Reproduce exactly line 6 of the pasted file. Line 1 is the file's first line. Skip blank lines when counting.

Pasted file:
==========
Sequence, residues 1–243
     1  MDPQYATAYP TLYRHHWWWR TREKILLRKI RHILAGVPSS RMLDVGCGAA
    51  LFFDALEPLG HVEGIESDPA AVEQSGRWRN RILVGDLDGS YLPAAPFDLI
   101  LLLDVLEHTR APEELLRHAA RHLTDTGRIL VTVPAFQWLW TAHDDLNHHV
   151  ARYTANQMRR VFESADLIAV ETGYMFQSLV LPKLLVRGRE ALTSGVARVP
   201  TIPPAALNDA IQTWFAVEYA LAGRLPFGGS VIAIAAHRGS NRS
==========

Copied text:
   201  TIPPAALNDA IQTWFAVEYA LAGRLPFGGS VIAIAAHRGS NRS